Daily Dispatch 37 - On Politics and Decentralized Apps

Some thoughts on political ideologies and DApps

Daily Dispatch 37 - On Politics and Decentralized Apps
Photo by Tobias Kleeb / Unsplash

I can't help but think that left-wing ideology is born out of naivete. Because it takes a certain degree of naive optimism to think "oh, maybe we can organize ourselves better, maybe the unknown is positive".

Meanwhile, right-wing ideology is born out of fear of the unknown. It takes fear to think "life is complex enough, I want to have more certainty about things, about my neighbors, and how to conduct myself to minimize personal risk".

So this is how I see both sides:

  • We need tradition to govern our lives up to a point while keeping an open mind to new ideas
  • Following either to the extreme seem like a bad idea.
  • Going full-on Neomania(Loving new things just for the sake of them being new)  degrades tradition and the "knowns" in society, opens up everything for questioning, and decays social order. If we don't know what to expect from a neighbor, they are no longer part of the same tribe, and therefore possible enemies.
  • However, going full-on tradition will stop us from innovating and creating new, better ways of conducting ourselves/businesses/communities.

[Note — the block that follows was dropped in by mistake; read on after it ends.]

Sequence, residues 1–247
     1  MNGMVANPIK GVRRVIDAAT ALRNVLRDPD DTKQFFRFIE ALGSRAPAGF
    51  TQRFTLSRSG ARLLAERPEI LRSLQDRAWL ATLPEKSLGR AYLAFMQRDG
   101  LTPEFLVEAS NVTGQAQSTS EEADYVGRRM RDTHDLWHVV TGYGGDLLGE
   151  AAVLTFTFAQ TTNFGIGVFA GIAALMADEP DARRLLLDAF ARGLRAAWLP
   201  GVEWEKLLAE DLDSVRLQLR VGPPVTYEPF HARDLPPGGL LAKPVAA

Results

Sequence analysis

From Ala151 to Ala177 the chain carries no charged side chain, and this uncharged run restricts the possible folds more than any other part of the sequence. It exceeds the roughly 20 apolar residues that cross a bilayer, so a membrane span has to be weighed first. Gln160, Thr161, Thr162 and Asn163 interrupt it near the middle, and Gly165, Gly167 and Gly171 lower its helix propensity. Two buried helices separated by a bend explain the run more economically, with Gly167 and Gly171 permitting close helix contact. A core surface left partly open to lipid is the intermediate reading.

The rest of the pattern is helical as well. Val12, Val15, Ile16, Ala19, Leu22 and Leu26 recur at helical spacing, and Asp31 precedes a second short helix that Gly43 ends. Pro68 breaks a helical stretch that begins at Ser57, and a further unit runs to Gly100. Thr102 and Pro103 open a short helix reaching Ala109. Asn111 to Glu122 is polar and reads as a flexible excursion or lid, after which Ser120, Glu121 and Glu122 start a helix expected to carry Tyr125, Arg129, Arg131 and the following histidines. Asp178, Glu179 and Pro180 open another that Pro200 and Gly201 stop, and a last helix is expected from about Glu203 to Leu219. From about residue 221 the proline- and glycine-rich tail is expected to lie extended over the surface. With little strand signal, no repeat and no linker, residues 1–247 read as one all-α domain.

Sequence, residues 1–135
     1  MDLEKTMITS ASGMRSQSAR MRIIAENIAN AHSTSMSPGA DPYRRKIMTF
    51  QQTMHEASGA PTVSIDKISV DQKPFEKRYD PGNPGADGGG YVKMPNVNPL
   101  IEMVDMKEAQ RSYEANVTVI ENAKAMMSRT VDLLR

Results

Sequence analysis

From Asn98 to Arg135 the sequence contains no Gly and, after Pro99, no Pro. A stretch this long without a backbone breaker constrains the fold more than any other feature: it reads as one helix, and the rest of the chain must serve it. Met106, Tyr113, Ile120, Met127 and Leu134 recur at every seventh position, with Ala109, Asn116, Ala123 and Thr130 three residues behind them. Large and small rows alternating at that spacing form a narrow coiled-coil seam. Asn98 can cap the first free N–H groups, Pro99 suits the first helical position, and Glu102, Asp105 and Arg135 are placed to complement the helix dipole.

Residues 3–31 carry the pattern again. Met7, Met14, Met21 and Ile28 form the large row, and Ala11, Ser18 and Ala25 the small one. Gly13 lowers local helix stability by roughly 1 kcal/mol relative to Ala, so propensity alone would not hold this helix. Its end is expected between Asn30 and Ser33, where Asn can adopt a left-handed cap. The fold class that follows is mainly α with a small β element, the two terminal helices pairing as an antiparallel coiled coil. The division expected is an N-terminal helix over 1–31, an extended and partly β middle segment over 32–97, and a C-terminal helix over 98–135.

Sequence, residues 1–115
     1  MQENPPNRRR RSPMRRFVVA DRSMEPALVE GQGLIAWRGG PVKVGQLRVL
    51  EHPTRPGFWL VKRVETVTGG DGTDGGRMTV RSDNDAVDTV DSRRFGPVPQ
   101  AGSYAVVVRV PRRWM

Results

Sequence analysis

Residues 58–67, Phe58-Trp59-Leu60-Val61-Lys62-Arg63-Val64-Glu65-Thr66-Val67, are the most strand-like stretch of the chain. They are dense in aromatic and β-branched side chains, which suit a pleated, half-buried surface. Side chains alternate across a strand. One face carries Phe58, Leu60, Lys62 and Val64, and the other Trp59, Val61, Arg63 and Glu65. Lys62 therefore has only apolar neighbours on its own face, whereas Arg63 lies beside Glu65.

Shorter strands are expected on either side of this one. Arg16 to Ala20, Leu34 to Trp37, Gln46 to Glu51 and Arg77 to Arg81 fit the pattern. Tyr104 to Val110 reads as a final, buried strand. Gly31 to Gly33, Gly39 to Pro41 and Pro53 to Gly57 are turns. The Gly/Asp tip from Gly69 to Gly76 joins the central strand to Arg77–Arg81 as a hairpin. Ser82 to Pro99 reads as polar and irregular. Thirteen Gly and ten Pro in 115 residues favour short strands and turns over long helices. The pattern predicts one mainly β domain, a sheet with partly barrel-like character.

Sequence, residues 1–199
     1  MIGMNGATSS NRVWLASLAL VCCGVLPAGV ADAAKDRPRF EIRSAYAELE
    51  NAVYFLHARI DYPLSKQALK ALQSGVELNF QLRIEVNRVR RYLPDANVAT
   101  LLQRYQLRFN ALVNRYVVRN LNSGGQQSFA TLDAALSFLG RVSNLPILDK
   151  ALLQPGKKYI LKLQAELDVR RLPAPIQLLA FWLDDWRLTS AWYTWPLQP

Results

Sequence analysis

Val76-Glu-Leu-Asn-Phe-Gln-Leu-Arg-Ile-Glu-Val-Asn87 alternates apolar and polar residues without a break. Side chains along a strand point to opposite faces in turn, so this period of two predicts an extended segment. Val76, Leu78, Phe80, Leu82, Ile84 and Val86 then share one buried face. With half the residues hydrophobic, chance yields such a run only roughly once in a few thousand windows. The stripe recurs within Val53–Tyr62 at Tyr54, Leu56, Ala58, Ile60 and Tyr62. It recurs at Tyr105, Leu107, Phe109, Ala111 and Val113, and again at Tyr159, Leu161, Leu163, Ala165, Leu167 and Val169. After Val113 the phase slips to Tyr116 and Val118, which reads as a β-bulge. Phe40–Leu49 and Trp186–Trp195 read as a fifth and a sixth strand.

Those are my two cents on the matter.

On another topic I was asked "Why are DApps useful", and here's my response:

  • It all boils down to the principle of Robustness of Systems. Have a single point of failure (if all your cloud services are on AWS, if it ever goes down, your business goes with it).
  • So how do we improve our systems beyond that point?
  • We can divide among several cloud services, using Oracle Cloud, Azure, and Google cloud, so that if one service goes down, you can still recover and offer your products).
  • Then there's the next level of paranoia on top of it. What if every service goes down? Or do all of them become mafia and just raise prices beyond what's profitable to my business?
  • That's where DApps have an edge, it runs on the internet and on each computer where the app is installed, the only way for the service to completely be shut down is if the internet itself gets shutdown (or energy, whenever there's a civil war and all that).

So it's all about how much paranoia you have, or in better words, how much risk you are willing to take in proportion to the work you have to put into your system to make it more robust.